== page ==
Vice President Joe Biden insisted to a subdued audience
Tuesday that he and President Barack Obama “haven’t given up” on gun control.
But his remarks came at the first White House event since the Senate’s failed April 17 background checks vote. And all that he had to show
gun control supporters by way of progress was a list of completed or mostly completed executive actions — and a set of new guidebooks for churches and schools on how to deal with a mass shooting situation.
Over the past two months, the White House has dramatically dialed back its gun push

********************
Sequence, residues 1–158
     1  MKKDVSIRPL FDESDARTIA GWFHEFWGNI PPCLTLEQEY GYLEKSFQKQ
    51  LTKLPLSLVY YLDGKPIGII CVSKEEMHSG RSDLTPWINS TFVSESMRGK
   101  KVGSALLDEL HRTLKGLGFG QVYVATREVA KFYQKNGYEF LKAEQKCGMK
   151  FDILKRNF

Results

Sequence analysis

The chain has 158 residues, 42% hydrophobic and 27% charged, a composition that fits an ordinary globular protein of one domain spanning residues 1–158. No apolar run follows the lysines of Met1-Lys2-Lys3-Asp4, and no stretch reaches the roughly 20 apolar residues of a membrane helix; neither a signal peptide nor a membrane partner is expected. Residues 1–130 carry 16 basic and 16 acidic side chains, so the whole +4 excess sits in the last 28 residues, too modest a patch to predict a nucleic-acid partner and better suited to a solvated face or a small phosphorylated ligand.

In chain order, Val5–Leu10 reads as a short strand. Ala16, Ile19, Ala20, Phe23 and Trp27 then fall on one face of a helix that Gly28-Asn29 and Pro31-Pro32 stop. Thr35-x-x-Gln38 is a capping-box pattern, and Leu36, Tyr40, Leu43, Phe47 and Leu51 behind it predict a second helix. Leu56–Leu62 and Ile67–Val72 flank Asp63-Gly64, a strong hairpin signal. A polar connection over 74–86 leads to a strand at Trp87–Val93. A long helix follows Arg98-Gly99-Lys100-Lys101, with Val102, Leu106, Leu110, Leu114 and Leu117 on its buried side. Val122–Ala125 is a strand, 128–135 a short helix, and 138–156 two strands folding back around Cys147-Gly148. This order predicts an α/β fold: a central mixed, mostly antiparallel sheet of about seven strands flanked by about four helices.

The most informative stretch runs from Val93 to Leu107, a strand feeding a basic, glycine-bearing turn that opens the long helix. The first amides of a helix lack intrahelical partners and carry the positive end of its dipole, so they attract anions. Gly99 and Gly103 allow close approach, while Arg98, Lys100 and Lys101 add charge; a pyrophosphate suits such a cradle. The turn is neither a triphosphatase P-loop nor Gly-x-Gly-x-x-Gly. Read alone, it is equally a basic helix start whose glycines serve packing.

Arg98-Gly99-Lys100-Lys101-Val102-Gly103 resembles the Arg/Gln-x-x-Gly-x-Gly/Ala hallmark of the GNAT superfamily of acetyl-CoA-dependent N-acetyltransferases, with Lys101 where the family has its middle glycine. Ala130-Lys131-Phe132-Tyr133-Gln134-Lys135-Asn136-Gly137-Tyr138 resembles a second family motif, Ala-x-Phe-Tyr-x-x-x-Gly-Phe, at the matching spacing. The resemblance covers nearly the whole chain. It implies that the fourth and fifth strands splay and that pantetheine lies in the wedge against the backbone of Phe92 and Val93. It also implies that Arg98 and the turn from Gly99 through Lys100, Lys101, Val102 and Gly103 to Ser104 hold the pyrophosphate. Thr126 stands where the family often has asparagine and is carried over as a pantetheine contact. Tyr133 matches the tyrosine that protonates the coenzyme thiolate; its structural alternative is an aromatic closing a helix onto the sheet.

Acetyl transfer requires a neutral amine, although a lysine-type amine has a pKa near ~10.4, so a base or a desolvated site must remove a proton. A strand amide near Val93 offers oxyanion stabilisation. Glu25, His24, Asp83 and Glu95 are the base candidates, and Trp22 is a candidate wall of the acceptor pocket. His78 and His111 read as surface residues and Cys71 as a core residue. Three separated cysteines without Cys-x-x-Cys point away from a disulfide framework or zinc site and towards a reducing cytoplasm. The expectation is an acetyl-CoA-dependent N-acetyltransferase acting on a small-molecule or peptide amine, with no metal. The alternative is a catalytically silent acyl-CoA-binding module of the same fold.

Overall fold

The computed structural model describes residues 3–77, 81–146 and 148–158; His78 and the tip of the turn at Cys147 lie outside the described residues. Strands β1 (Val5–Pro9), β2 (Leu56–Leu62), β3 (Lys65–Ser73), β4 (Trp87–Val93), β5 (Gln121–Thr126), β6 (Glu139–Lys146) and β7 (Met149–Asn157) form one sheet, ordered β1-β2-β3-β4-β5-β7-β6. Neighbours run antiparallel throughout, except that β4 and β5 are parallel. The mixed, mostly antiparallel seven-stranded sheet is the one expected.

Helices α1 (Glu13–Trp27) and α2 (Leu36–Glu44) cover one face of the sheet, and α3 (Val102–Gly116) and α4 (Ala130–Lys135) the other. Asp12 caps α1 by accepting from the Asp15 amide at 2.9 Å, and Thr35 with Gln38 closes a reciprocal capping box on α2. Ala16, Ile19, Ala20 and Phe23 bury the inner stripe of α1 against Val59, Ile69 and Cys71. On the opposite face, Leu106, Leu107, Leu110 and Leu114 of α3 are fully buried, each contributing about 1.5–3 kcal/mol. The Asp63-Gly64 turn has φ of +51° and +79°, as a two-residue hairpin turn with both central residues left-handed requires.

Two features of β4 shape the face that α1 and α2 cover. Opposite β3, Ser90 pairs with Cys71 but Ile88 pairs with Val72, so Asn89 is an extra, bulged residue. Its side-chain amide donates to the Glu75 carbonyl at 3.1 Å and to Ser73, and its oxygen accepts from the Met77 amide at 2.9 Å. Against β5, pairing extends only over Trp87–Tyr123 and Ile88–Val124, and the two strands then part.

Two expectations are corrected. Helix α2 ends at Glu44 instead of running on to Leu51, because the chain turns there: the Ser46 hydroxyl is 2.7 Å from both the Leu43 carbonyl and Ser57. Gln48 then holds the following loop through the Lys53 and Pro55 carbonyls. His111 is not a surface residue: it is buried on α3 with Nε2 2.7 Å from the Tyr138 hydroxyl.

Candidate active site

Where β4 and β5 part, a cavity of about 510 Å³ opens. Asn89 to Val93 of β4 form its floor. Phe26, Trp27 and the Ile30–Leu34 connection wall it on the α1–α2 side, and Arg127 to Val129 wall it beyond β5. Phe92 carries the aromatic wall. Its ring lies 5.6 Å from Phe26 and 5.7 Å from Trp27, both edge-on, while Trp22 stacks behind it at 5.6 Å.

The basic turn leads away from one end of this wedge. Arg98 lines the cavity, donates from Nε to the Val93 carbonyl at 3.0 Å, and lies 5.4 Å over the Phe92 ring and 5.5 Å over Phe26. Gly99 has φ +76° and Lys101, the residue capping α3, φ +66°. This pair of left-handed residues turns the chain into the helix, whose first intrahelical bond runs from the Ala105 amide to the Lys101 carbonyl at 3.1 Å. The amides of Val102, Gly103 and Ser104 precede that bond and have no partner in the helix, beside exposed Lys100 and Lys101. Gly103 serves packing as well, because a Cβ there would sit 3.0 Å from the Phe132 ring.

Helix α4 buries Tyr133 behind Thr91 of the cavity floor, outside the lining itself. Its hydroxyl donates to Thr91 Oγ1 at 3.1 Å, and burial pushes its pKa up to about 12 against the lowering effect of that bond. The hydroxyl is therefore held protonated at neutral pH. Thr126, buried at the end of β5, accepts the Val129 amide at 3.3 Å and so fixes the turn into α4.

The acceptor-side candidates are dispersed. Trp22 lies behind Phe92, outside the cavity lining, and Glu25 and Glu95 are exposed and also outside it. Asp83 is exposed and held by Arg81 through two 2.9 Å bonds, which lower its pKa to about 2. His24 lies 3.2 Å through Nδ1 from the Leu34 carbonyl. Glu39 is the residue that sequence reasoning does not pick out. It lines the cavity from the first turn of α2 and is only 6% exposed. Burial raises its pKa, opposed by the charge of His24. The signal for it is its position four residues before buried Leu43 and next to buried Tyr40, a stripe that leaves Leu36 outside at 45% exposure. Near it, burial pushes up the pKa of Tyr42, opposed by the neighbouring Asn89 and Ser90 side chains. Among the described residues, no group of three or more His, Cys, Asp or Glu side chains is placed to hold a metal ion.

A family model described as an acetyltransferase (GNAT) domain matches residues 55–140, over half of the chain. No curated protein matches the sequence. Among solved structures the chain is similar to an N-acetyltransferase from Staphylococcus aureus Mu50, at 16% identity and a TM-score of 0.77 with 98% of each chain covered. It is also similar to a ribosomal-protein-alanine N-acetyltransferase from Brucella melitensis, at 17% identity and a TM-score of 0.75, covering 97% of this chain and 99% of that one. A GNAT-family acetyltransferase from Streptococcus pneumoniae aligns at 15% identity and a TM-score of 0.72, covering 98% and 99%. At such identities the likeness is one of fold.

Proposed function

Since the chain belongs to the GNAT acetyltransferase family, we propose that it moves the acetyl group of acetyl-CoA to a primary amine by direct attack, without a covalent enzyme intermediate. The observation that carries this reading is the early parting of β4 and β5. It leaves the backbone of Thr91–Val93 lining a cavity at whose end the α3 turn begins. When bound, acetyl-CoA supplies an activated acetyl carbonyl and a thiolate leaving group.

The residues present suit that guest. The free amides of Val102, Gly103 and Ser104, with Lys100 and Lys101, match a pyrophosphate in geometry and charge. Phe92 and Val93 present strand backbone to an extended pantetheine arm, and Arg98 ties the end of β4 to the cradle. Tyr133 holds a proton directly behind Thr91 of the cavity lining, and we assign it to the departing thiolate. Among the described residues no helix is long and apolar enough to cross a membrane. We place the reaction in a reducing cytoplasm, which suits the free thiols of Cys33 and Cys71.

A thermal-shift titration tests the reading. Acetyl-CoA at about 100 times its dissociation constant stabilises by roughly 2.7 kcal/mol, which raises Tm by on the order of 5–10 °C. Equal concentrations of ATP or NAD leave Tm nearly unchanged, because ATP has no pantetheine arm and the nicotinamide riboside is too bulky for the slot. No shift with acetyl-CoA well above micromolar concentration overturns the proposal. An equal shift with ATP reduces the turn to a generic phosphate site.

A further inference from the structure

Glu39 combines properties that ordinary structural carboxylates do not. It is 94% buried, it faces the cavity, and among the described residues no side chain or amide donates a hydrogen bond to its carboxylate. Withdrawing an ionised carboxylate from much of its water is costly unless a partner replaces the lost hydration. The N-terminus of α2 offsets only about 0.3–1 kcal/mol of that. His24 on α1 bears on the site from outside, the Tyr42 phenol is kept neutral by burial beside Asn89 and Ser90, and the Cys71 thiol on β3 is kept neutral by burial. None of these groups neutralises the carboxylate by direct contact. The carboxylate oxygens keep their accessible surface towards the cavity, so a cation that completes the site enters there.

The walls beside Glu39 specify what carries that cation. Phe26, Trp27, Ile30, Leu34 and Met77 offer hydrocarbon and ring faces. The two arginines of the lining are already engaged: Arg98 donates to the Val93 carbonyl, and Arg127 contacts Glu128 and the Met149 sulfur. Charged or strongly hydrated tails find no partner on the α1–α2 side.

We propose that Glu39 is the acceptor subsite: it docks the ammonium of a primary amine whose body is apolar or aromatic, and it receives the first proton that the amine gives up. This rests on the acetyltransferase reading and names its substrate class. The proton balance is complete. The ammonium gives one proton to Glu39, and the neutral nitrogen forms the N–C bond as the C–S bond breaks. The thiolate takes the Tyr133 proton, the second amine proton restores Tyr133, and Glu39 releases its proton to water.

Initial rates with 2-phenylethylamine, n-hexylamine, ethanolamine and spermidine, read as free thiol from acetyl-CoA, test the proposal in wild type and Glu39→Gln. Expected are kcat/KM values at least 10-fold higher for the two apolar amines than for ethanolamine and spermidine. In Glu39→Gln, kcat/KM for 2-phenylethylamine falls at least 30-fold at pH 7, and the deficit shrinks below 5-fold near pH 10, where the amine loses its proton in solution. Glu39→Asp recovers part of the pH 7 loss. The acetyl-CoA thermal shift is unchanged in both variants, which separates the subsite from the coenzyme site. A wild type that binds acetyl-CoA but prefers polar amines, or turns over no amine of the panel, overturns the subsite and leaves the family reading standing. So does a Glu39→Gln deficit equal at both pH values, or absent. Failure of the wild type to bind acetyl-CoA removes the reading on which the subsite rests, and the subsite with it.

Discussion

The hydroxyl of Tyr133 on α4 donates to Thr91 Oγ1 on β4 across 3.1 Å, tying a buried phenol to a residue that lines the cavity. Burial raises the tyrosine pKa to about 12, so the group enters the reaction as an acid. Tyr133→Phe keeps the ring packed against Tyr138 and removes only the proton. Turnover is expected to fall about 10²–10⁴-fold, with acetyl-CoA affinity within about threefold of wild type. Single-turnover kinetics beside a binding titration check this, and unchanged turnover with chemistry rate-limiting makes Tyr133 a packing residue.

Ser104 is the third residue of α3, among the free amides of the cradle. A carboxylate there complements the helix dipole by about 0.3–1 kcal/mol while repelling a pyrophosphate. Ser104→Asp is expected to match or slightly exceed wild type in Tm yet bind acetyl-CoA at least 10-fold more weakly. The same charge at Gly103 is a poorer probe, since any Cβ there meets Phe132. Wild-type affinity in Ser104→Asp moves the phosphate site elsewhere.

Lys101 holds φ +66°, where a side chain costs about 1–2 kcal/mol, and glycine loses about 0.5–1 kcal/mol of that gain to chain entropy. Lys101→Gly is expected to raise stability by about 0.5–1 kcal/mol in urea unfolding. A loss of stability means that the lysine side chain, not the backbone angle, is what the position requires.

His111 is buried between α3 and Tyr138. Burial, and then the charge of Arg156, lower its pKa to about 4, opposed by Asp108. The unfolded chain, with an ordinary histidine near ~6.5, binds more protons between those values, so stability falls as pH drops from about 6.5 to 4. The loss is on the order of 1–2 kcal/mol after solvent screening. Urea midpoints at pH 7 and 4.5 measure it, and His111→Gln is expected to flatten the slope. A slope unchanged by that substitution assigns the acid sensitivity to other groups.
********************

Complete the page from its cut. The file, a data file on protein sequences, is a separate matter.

Biden chief of staff Bruce Reed’s Friday White House strategy meetings for representatives of gun control groups ended weeks ago. The barnstorming tour Biden pledged would pressure senators who voted against background checks hasn’t materialized
No new sponsors or votes for the background check bill have emerged publicly. Neither has any sort of timeline
for when Congress might take up the measure again.
“I had hoped
we would have assembled in this auditorium earlier,” Biden said. “I had hoped
we would have assembled here a couple of months ago celebrating the first in a number of victories that we will have.”
So Biden conceded the obvious Tuesday: the White House gun push in Congress has faltered